The founder of Living Unplugged gives his five top tips for living a more intentional life
Words Marc Curtis
Have you ever considered that you’re living your life to a template that you’ve never questioned? A template that nudges you to look at certain content, buy certain things, do a certain sort of work, live where you do?
We all embark on adult life armed with a set of templates that have been handed down from our parents’ generation. Work hard, buy a house. Work harder, buy a bigger house. Buy a new car. Buy a second car. Foreign holiday. Buy a bigger house…
And all the while we’re dealing with a set of challenges our parents and grandparents never had to deal with. Distraction and dissatisfaction.
Distraction, because over the last 10 years or so, we’ve embraced a whole suite of devices whose function is to fill every available minute with… well, something. When was the last time you stood in a lift and didn’t get your phone out? In his book, The World Beyond Your Head: How to Flourish in an Age of Distraction, Matthew Crawford describes distractibility as the mental equivalent of obesity. According to Crawford, capturing and holding our attention has become central to contemporary capitalism.
How can we possibly compete with the perfection of the Instagram cake-makers and the Pinterest mothers with their perfect children surrounded by beautiful wooden toys
Companies, app makers and technology providers are invested in grabbing as much of this finite resource as they can. They employ tried and tested methods to present us with images and activities that can produce those little puffs of dopamine that give us the feeling of achievement or reward. Like a facebook post? Puff. Swipe a tinder profile? Puff. Someone shares your tweet? Puff puff….
And then we have dissatisfaction – because the distractions we cram into every second of our daily lives are rooted in consuming a fake version of the lives of others. How can we possibly compete with the perfection of the Instagram cake-makers and the Pinterest mothers with their perfect children surrounded by beautiful wooden toys?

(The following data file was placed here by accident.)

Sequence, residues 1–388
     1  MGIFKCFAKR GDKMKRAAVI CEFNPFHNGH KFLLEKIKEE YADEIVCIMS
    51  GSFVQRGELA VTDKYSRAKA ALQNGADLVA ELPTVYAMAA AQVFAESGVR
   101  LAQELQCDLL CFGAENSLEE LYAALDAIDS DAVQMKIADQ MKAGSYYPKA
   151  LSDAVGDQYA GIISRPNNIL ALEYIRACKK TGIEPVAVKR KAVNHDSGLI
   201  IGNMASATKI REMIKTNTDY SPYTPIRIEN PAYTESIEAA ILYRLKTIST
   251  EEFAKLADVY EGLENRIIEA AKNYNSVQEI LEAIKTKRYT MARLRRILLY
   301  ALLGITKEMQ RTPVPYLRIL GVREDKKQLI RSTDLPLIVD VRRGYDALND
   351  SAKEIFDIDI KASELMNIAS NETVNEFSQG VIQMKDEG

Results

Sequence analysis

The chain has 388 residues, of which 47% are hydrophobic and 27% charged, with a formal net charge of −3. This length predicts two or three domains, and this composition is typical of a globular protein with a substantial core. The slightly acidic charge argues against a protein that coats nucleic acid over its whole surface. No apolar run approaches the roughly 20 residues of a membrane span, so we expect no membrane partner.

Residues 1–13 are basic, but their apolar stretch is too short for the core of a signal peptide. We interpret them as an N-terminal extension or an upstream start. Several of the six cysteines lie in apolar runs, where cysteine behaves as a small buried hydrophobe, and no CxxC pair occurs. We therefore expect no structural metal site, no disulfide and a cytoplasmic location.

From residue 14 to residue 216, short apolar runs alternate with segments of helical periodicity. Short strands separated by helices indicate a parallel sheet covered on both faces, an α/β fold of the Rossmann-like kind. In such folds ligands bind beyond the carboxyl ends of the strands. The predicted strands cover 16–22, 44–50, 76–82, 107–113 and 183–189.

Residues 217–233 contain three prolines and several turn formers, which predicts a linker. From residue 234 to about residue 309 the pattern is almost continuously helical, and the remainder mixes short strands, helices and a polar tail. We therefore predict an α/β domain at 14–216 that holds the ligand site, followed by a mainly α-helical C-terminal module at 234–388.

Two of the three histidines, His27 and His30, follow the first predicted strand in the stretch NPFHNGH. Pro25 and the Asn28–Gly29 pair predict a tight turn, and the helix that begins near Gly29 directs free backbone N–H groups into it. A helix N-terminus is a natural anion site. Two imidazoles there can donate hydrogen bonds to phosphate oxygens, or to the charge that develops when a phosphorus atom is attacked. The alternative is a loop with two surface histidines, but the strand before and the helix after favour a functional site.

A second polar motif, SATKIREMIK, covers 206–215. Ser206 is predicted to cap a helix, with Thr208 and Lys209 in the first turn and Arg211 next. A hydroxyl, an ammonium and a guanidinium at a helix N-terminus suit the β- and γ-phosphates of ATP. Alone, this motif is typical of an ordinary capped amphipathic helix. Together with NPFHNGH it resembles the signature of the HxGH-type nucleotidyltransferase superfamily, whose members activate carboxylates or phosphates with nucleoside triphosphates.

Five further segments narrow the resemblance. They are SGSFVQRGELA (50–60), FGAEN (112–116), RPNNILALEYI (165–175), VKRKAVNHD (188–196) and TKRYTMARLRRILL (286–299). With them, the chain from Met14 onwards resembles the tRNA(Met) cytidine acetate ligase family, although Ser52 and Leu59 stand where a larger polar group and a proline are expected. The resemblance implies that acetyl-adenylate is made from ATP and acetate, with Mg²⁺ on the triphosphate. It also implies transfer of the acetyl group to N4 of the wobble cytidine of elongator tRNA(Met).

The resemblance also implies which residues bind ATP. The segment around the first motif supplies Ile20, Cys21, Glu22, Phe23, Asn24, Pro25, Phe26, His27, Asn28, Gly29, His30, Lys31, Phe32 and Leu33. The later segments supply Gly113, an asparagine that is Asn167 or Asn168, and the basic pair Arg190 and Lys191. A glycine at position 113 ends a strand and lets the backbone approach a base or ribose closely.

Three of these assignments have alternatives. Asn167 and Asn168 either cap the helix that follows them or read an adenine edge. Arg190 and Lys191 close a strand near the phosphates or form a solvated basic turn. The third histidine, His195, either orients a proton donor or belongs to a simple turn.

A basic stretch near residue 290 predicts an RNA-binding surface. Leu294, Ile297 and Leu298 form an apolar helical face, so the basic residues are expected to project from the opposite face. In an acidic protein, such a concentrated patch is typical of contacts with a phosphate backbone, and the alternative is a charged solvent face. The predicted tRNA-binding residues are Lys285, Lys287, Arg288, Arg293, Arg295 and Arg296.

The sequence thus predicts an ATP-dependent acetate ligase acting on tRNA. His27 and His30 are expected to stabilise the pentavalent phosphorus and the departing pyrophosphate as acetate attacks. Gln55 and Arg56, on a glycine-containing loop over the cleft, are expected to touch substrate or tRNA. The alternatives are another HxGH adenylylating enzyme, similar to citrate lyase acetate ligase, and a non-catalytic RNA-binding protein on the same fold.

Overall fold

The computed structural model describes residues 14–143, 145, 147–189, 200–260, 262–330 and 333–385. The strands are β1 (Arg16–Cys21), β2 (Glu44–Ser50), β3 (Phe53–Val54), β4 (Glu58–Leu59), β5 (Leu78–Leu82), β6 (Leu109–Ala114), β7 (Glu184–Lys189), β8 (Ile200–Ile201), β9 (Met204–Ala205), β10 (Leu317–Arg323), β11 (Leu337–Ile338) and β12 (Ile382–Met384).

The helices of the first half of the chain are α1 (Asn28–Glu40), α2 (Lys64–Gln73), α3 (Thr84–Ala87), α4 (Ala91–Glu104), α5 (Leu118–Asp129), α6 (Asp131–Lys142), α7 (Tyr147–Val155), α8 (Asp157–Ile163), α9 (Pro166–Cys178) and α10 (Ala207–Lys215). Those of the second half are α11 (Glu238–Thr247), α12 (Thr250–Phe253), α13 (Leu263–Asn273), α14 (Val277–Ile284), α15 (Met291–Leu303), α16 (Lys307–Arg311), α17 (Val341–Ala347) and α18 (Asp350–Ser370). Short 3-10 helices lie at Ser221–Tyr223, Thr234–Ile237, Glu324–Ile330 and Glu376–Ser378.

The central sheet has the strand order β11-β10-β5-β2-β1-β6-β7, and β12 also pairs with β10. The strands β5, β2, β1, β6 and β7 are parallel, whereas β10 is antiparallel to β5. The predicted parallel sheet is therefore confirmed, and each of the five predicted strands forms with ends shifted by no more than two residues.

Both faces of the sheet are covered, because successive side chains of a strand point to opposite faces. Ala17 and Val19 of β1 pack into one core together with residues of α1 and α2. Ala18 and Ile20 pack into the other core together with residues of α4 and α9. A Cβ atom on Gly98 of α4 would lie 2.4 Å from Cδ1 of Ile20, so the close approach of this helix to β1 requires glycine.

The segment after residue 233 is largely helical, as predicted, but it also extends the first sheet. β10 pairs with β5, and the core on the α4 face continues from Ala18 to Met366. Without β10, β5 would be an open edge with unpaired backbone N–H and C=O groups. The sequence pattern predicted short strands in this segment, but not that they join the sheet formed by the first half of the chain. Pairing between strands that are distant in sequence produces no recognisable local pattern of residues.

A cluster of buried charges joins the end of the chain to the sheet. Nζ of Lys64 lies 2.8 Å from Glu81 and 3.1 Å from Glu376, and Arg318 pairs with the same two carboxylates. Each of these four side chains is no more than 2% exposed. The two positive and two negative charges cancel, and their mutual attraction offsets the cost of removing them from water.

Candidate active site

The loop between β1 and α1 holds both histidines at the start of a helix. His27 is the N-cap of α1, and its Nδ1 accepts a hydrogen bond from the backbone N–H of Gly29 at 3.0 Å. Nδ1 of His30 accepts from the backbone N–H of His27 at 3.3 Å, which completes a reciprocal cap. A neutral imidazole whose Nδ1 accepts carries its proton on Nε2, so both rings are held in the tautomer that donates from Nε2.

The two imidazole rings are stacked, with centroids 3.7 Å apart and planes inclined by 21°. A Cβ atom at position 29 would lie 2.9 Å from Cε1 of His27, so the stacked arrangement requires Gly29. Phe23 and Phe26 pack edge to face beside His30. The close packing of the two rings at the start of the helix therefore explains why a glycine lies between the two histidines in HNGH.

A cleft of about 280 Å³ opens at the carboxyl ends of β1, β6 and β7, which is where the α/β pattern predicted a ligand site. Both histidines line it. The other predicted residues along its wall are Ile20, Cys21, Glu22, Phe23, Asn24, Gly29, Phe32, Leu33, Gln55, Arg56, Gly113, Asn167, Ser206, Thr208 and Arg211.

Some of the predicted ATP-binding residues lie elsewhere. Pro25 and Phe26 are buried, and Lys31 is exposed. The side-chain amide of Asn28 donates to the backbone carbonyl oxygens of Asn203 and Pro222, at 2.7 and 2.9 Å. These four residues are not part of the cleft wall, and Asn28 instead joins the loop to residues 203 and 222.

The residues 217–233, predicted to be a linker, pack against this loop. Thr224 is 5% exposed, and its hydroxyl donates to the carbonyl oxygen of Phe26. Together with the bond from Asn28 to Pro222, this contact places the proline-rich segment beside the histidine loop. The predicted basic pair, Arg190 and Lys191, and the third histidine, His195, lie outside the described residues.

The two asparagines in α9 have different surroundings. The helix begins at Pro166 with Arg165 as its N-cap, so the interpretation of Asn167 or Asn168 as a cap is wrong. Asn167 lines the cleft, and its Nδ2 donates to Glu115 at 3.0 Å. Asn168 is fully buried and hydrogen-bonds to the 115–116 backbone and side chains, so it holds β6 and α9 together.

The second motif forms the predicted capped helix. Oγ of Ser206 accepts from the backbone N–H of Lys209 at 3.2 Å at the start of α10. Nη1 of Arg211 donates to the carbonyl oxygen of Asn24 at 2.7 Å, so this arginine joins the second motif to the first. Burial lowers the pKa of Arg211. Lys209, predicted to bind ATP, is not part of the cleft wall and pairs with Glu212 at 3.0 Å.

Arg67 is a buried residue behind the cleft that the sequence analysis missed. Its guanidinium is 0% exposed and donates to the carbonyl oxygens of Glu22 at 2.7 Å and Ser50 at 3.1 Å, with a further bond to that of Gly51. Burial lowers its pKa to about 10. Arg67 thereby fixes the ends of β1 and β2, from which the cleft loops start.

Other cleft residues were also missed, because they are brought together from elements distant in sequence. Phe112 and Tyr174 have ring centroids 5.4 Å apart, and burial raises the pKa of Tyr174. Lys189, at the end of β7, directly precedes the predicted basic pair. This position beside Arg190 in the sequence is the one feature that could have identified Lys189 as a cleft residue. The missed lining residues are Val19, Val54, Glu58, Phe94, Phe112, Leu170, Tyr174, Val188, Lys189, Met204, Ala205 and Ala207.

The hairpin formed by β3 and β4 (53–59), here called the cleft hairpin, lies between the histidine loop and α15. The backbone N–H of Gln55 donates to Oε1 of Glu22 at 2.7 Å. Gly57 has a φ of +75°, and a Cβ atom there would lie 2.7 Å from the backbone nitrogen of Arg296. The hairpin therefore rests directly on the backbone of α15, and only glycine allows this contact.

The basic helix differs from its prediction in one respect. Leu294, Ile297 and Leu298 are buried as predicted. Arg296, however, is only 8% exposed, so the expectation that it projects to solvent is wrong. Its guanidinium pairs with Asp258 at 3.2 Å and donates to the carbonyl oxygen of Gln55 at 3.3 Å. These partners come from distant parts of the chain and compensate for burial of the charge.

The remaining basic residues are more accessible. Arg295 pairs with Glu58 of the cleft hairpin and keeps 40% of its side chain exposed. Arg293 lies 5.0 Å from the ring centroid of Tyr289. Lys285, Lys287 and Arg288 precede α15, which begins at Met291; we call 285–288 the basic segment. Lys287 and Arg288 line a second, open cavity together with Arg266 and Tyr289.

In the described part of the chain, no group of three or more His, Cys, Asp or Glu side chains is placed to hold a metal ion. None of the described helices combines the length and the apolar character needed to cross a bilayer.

It is these platforms which have led us to become passive in our own sense of happiness or wholeness. We rely on technology to supply our sense of wonder or accomplishment. We are experiencing life vicariously through the lens of someone else’s curated social media feed.
But I’m not bashing technology here. I’m no luddite. I run an innovation lab for a well-known marketing agency; embracing new technology is literally my day job. But our phones are tools, and we need to learn when to put them away. A carpenter doesn’t walk around all day with a saw in his hand. He doesn’t place it on the table at dinner, constantly checking it for changes. When he’s finished sawing bits of wood, it goes into his tool box until the next time he needs it.
So how can we access the analogue, rejoice in real experience and be truly intentional in our choices – without opting out of twenty-first century life? Here are my top five catalysts that could help you live a more intentional, satisfying life.
Give food the attention it deserves
We have become separated from the idea that the gathering of ingredients and preparation of food is somehow linked to eating. More than that, many of us see preparing food, and even eating, as a chore. We sit at our desks stuffing shop-bought sandwiches in our mouths whilst scrolling through Facebook without any thought for the food going in.